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AIR POLLUTION

Patrick Ross S. Dulay


Atmosphere as a Resource
Atmospheric
Composition
Nitrogen 78.08%
Oxygen 20.95%
Argon 0.93%
Carbon dioxide 0.04%
Ecosystem services
Blocks UV radiation
Moderates the climate
Redistributes water in
the hydrologic cycle
What is air pollution?
Contamination of the air
by noxious gases and
minute particles of solid
and liquid matter
(particulates) in
concentrations that
endanger health
Chemicals added to the
atmosphere by natural
events or human
activities in high enough
concentrations to be
harmful
Categories of Air Pollution
Two categories
Primary Air Pollutant
Harmful substance that
is emitted directly into
the atmosphere
Secondary Air Pollutant
Harmful substance
formed in the
atmosphere when a
primary air pollutant
reacts with substances
normally found in the
atmosphere or with
other air pollutants
Major Classes of air
pollutants
Particulate Material
Nitrogen Oxides
Sulfur Oxides
Carbon Oxides
Hydrocarbons
Ozone
Particulate Material
Thousands of different solid or liquid
particles suspended in air
Includes: soil particles, soot, lead, asbestos,
sea salt, and sulfuric acid droplets
Dangerous for 2 reasons
May contain materials with toxic or
carcinogenic effects
Extremely small particles can become
lodged in lungs
Nitrogen and Sulfur Oxides
Nitrogen Oxides
Gases produced by the chemical
interactions between atmospheric nitrogen
and oxygen at high temperature
Problems
Greenhouse gases
Cause difficulty breathing

Sulfur Oxides
Gases produced by the chemical
interactions between sulfur and oxygen
Causes acid precipitation
Carbon Oxides and
Hydrocarbons
Carbon Oxides
Gases carbon monoxide (CO) and carbon
dioxide (CO2)
Greenhouse gases
Hydrocarbons
Diverse group of organic compounds that
contain only hydrogen and carbon (ex: CH 4-
methane)
Some are related to photochemical smog
and greenhouse gases
Ozone
Tropospheric Ozone
Man- made pollutant in the lower
atmosphere
Secondary air pollutant
Component of photochemical smog
Stratospheric Ozone
Essential component that screens out UV
radiation in the upper atmosphere
Man- made pollutants (ex: CFCs) can
destroy it
Sources of Outdoor Air
Pollution
Two main sources
Transportation
Industry
Intentional forest
fires is also high
Indoor Air
Pollution
Pollutants can
be 5-100X
greater than
outdoors
Most common:
Radon, cigarette
smoke, carbon
monoxide,
nitrogen dioxide,
formaldehyde
pesticides, lead,
cleaning
solvents, ozone,
and asbestos
Effects of Air Pollution
Low level exposure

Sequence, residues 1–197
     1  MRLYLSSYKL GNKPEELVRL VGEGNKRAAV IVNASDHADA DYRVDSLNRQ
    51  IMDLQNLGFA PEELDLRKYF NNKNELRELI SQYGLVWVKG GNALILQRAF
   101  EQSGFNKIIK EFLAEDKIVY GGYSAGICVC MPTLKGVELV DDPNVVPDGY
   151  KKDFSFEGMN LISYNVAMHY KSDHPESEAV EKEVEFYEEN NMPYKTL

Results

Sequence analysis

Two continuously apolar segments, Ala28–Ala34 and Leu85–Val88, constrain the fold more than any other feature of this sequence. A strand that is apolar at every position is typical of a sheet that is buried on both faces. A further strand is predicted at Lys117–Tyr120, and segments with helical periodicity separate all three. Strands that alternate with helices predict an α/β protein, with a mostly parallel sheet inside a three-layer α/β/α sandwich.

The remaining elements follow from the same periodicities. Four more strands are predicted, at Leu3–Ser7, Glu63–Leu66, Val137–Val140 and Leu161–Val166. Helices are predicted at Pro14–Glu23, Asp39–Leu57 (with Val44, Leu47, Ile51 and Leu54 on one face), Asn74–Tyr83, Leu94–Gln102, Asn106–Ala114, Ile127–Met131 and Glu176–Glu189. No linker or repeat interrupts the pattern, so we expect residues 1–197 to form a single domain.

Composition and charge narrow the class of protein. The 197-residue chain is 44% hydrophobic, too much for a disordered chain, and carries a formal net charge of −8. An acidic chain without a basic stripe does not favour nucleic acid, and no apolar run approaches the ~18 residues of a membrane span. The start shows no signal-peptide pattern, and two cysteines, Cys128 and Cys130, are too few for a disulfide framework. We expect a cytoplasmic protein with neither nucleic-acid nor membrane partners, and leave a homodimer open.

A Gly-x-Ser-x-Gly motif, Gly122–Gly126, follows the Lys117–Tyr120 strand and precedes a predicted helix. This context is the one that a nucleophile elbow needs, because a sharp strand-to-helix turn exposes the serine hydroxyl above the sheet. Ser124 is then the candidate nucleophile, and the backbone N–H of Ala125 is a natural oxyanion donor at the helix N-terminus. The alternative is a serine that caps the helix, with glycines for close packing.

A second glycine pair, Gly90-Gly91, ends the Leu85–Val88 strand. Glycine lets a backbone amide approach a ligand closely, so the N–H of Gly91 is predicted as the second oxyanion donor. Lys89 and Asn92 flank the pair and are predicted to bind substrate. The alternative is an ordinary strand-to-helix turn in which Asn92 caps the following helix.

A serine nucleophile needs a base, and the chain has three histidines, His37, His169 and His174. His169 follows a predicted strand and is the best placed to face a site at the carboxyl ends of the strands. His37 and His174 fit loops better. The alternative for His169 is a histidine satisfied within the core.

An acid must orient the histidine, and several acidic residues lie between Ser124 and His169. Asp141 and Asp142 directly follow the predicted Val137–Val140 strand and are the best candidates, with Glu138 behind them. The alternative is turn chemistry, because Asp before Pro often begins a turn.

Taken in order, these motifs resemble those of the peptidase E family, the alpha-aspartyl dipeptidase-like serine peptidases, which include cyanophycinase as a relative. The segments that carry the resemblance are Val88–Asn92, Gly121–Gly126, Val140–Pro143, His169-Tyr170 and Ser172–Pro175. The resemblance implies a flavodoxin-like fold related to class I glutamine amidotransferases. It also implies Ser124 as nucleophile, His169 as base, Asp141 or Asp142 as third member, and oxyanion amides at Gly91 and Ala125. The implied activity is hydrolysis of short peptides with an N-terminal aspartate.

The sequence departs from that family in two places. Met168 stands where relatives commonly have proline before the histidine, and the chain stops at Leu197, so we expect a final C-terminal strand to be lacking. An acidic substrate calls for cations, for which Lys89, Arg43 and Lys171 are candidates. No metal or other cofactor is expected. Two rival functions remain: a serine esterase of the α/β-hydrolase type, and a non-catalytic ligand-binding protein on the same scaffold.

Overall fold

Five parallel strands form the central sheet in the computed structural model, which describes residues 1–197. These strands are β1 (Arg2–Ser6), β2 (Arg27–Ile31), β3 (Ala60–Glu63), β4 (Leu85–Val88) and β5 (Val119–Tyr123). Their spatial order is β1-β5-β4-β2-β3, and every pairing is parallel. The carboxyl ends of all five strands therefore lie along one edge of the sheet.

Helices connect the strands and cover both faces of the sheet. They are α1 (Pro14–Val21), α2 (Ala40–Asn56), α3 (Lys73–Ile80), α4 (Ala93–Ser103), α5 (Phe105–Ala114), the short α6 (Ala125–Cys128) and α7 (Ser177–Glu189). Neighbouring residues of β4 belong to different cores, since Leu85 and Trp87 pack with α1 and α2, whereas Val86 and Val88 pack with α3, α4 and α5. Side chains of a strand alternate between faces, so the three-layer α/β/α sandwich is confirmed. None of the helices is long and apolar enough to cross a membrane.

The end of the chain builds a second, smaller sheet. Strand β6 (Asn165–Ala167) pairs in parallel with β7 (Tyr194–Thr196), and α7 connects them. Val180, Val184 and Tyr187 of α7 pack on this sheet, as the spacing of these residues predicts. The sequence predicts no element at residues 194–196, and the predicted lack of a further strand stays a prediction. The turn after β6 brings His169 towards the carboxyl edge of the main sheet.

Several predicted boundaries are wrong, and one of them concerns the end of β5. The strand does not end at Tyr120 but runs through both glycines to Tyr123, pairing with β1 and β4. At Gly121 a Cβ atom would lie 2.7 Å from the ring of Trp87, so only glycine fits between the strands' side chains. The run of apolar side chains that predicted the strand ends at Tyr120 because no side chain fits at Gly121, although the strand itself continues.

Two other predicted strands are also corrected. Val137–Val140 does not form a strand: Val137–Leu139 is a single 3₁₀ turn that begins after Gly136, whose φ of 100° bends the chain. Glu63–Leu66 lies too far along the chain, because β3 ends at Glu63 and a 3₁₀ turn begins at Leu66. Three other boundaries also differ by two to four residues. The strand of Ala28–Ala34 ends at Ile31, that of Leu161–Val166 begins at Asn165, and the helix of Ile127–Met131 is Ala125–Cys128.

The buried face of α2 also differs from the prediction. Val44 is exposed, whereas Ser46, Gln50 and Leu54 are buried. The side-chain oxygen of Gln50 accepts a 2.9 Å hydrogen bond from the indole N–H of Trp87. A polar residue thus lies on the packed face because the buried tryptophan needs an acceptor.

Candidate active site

Irritates eyes
Causes inflammation of respiratory tract
Can develop into chronic respiratory
diseases
Health Effects of Air
Pollution
Sulfur Dioxide and
Particulate material
Irritate respiratory tract
and impair ability of lungs
to exchange gases
Nitrogen Dioxides
Causes airway restriction
Carbon monoxide
Binds with iron in blood
hemoglobin
Causes headache, fatigue,
drowsiness, death
Ozone
Causes burning eyes,
coughing, and chest
discomfort
Children and Air Pollution
Greater health
threat to children
than adults
Air pollution can
restrict lung
development
Children breath
more often than
adults
Children who live
in high ozone areas
are more likely to
Issues
Ozone Depletion
Acid Rain
Global Warming
Green House Effect and Climate Change
Ozone Depletion in
Stratosphere
Ozone Protects earth from UV radiation
Part of the electromagnetic spectrum with
wavelengths just shorter than visible light
Ozone Depletion in
Stratosphere
Ozone thinning/hole
First identified in 1985
over Antarctica
Caused by
human-produced
bromine and chlorine
containing chemicals
Ex: CFCs
Ozone Depletion in
Stratosphere
Hole over Antarctica requires two
conditions:
Sunlight just returning to polar region
Circumpolar vortex- a mass of cold air that
circulates around the southern polar region
Isolates it from the warmer air in the rest of the
planet
Polar stratospheric clouds form
Enables Cl and Br to destroy ozone
Effects of Ozone Depletion
Higher levels of UV-
radiation hitting the
earth
Eye cataracts
Skin cancer (right)
Weakened immunity
May disrupt
ecosystems
May damage crops
and forests
Recovery of Ozone Layer
Montreal Protocol (1987)
Reduction of CFCs
Started using HCFCs (greenhouse gas)
Phase out of all ozone destroying
chemicals is underway globally
Satellite pictures in 2000 indicated that
ozone layer was recovering
Full recovery will not occur until 2050
Acid Deposition
Sulfur dioxide and nitrogen dioxide
emissions react with water vapor in the
atmosphere and form acids that return
to the surface as either dry or wet
deposition
pH scale
How Acid Deposition
Develops
Effects of Acid Deposition
Declining Aquatic
Animal Populations
Thin-shelled eggs
prevent bird
reproduction
Because calcium is
unavailable in acidic
soil
Forest decline
Ex: Black forest in
Germany (50% is
destroyed)
Acid Deposition and Forest
Decline
Air Pollution Around the
World
Air quality is deteriorating
rapidly in developing
countries
Shenyang, China
Residents only see sunlight a few
weeks each year
Developing countries have
older cars
Still use leaded gasoline
5 worst cities in world
Beijing, China; Mexico City,
Mexico; Shanghai, China; Tehran,
Iran; and Calcutta, India
The Greenhouse Effect
Greenhouse gases
Carbon Dioxide - fossil fuel burning, land
clearing/burning.
Methane - Breakdown of organic material
by anaerobic bacteria.
Nitrous Oxide - Biomass burning,
automobile exhaust.
Ozone automobile exhaust
Chlorofluorocarbons - Refrigerants,
cleaning solvents, propellants.
CO2 measurements
Evidence for Climate
Change
1. 20th C was hottest in the past 1000 years
2. Global temp has risen 0.6C (1.1F) since
1861
3. 16 warmest years on record since 1980,
10 warmest since 1990
4. Glaciers and sea ice are melting
5. Sea level has risen 100-200 cm over 20th
C
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